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Blood Type Test

Serious transfusion reactions are rare today because of blood type tests.

Rh test

Rh blood type checks for the Rh antigen (also called the Rh factor) on red blood cells. If your red blood cells:

  • Have the Rh antigen, your blood is Rh-positive.
  • Do not have the Rh antigen, your blood is Rh-negative.

For example, if you have the A and Rh antigens, your blood type is A-positive (A+). If your blood has the B antigen but not the Rh antigen, your blood type is B-negative (B–).

Rh blood type is especially important for pregnant women. A problem can occur when a woman who has Rh-negative blood becomes pregnant with a baby (fetus) that has Rh-positive blood. This is called Rh incompatibility. If the blood of an Rh-positive baby mixes with the blood of an Rh-negative mother during pregnancy or delivery, the mother's immune system makes antibodies. This antibody response is called Rh sensitization and, depending on when it occurs, can destroy the baby's red blood cells.

Rh sensitization does not generally affect the health of the baby during the pregnancy in which the sensitization occurs. But the health of a baby with Rh-positive blood during a future pregnancy is more likely to be affected. After sensitization has occurred, the baby can develop mild to severe problems (called Rh disease or erythroblastosis fetalis). In rare cases, if Rh disease is not treated, the baby may die.

An Rh test is done in early pregnancy to check a woman's blood type. If she is Rh-negative, she can get a shot of Rh immunoglobulin that almost always prevents sensitization from occurring. Problems from Rh sensitization have become very rare since Rh immunoglobulin was developed.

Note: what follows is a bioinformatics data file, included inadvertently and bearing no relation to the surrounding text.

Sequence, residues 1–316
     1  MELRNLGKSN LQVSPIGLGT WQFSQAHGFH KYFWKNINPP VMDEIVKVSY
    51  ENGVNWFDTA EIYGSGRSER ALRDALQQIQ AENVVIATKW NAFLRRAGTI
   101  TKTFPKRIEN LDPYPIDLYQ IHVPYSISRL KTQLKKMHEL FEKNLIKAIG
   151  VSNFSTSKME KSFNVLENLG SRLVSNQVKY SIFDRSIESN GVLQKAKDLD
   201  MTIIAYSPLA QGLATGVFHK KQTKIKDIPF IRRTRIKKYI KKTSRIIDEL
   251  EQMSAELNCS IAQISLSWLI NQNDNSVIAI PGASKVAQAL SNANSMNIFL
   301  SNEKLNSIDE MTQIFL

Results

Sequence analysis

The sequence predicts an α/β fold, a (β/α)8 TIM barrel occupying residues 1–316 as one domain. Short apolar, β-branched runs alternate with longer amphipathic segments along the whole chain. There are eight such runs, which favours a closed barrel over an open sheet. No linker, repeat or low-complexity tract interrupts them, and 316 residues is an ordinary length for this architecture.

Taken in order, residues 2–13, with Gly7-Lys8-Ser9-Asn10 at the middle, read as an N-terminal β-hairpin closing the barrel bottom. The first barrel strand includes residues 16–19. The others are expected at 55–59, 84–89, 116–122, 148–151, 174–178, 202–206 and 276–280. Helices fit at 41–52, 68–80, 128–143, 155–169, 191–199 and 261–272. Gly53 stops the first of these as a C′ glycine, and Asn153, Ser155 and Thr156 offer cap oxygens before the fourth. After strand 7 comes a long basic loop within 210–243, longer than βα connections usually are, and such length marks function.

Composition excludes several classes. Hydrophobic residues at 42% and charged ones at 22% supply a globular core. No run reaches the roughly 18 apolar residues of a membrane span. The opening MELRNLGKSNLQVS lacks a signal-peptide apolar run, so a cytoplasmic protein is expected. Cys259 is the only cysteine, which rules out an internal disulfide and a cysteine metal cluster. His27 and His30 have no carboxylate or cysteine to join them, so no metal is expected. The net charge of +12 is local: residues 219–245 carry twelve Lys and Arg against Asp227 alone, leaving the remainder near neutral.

Why It Is Done

A blood type test is done:

  • Before a person gets a blood transfusion.
  • Before a person donates blood.
  • Before a person donates an organ for transplantation.
  • Before surgery.
  • When a woman is planning to become pregnant or first becomes pregnant.
  • To show whether two people could be blood relatives.
  • To check the identify of a person suspected of committing a crime.

How To Prepare

You do not need to do anything before you have this test.

How It Is Done

The health professional drawing blood will:

  • Wrap an elastic band around your upper arm to stop the flow of blood. This makes the veins below the band larger so it is easier to put a needle into the vein.
  • Clean the needle site with alcohol.
  • Put the needle into the vein. If the needle is not placed correctly or if the vein collapses, more than one needle stick may be needed.
  • Hook a tube to the needle to fill it with blood.
  • Remove the band from your arm when enough blood is collected.
  • Put a gauze pad or cotton ball over the needle site as the needle is removed.
  • Put pressure to the site and then a bandage.

WebMD Medical Reference from Healthwise

Last Updated: December 30, 2011
This information is not intended to replace the advice of a doctor. Healthwise disclaims any liability for the decisions you make based on this information.

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